Japonisme and the Rise of the Modern Art Movement
The Arts of the Meiji Period
- ISBN 9780500239131
- 33.50 x 24.00 cm
- With 220 illustrations in colour and black and white
- First published 2013
From the 1860s through to the 1890s the rise of Japonisme and the Art Nouveau movement meant few could resist the obsession with all things Japanese
‘In a way all my work is founded on Japanese art …’
‘A persuasive, sumptuous exploration of Japanese influence on western modernism. Whistler and Van Gogh were famously indebted to oriental models; pairings of paintings by Monet, Manet and Degas with Japanese works, and discussions of gold-adorned Klimt and sexy Schiele, are revelatory’ – Jackie Wullschlager, Financial Times Books of the Year 2013
‘Invaluable for anyone with an interest in late-19th-century European art and culture’– Country Life
‘In-depth essays and superb colour illustrations’ – Ceramic Review
'If art books were nominated for annual awards … then 'Japonisme and the Rise of the Modern Art Movement' would definitely be a front-runner in the 'most beautiful book category for 2013' – Edward Voves, Art Eyewitness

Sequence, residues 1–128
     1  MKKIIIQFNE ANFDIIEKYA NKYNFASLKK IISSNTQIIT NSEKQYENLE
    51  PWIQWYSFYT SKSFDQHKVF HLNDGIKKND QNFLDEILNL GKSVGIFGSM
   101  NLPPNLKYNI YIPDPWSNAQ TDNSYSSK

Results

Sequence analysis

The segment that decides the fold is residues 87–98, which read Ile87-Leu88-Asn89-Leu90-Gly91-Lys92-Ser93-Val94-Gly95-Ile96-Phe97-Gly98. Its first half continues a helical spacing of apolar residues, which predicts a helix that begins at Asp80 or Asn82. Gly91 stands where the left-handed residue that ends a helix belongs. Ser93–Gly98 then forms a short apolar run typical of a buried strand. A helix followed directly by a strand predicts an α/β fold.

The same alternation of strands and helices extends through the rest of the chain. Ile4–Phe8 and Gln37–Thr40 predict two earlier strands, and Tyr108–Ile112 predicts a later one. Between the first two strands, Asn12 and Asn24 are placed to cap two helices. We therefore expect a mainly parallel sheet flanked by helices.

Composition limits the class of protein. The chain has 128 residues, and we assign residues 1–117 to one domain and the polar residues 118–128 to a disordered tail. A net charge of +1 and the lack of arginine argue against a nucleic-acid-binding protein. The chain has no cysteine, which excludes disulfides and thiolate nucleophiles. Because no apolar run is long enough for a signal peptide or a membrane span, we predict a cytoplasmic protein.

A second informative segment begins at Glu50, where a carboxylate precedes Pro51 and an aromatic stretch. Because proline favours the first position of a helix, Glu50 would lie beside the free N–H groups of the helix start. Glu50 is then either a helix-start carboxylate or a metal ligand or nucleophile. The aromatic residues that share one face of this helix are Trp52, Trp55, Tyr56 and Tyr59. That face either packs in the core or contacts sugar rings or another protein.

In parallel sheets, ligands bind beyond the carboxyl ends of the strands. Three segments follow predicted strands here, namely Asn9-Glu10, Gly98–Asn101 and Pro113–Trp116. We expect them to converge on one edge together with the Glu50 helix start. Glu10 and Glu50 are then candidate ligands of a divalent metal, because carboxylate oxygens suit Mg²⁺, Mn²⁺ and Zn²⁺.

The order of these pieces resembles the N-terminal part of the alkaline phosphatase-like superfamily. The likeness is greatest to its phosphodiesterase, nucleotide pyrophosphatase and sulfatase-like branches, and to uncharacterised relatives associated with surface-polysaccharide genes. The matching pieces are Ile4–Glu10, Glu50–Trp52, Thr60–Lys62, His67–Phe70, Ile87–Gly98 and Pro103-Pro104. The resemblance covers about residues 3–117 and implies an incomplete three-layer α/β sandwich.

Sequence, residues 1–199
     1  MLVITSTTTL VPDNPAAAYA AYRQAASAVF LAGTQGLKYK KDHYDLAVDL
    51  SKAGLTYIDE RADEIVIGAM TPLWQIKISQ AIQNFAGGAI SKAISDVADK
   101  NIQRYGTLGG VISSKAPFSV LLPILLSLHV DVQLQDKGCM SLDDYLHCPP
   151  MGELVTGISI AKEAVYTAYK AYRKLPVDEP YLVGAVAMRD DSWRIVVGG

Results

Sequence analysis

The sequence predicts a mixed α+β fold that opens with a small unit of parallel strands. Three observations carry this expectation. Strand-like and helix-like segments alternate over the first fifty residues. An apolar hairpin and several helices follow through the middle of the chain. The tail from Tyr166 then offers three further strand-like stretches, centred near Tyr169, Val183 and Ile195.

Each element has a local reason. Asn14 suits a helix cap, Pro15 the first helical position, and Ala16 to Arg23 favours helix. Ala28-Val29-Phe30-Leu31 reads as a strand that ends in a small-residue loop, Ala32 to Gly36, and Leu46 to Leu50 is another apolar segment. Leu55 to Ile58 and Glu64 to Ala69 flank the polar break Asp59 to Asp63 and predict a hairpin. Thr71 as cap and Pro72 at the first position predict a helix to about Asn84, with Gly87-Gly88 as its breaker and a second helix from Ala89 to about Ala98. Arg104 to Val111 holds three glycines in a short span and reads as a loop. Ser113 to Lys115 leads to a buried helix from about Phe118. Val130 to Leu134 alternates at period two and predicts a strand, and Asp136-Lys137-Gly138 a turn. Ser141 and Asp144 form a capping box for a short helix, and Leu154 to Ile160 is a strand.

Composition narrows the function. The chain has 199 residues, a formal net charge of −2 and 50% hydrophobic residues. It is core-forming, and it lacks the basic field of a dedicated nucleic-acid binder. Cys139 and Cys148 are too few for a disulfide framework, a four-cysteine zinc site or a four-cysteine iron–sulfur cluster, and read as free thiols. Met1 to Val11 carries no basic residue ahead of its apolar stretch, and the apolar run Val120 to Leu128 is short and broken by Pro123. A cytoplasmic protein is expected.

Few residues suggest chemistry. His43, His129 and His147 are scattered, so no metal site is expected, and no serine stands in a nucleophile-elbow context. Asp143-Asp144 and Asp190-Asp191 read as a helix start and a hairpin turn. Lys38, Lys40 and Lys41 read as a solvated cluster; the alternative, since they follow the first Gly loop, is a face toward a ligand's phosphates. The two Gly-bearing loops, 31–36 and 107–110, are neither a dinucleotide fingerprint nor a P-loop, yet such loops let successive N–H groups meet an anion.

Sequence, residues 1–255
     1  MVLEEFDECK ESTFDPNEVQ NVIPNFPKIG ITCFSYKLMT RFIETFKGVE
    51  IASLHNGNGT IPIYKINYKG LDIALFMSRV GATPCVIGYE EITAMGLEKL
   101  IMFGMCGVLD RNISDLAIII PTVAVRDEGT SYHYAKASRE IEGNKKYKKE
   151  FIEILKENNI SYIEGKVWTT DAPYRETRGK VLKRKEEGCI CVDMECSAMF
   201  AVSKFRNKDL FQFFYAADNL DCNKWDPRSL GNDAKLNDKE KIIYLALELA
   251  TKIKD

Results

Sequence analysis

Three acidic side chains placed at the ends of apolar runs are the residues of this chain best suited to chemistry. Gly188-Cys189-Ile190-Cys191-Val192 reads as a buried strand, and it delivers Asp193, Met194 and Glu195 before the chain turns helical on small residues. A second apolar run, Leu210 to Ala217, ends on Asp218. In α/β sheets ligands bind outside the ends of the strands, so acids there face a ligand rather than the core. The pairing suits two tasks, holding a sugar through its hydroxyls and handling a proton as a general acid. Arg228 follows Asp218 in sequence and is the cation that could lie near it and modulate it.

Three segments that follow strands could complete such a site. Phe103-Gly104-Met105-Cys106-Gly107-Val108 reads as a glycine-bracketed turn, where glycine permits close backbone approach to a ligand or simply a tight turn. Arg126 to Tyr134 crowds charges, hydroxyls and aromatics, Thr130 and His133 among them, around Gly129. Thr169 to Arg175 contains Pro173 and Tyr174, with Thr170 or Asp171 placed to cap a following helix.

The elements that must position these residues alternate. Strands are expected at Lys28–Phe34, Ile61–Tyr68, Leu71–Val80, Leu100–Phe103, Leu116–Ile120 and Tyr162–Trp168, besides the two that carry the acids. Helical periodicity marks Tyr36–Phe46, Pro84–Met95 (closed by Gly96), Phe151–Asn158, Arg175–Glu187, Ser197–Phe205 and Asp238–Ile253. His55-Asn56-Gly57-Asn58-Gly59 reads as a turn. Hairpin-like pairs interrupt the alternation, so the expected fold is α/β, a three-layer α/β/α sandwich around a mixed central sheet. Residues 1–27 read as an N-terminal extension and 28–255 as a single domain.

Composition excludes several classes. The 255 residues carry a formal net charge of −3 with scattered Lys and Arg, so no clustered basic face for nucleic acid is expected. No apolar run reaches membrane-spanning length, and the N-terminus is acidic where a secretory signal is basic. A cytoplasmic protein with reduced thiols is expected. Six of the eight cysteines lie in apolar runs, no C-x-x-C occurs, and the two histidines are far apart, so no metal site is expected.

Here, six renowned scholars and specialists examine the influence of Japanese art and design in Europe with superlative examples from the Khalili Collection, the world’s finest collection of works from the Meiji period. They demonstrate that the Japanese influence on modern Western art has been far more penetrating than has been widely recognized.
Superbly crafted and often highly decorated Japanese objects – lacquer, metalwork, ceramics, enamels and other decorative items rich in new and exotic subject matter – stimulated and inspired Western artists and craftsmen to produce their own works. Arts of the Meiji period (1868–1912) were displayed at international exhibitions, in the galleries of influential dealers and at fashionable stores in London, Paris and Vienna.
Artists including Van Gogh, Whistler, Monet, Manet, Klimt and Schiele were all, to varying degrees, influenced by the arts of Japan. Van Gogh himself stated that he owed his inspiration to Japanese art, but he was probably not conscious of the full extent to which art in Europe had already been greatly influenced by that of Japan.
Gregory Irvine is Senior Curator in the Asian department of the Victoria and Albert Museum, London. He has published widely on many aspects of Japanese art, and has held senior teaching positions both in the UK and Japan.
Tayfun Belgin, Director of the Osthaus Museum, Hagen, Germany
John House, former Emeritus Professor, Courtauld Institute, London
Axel Rüger, Director of the Van Gogh Museum, Amsterdam
Kris Schiermeier, Director of the Japan Museum SieboldHuis, Leiden, the Netherlands
Hiroko Yokomizo, Associate Professor (Curator), Tokyo National University of Fine Arts and Music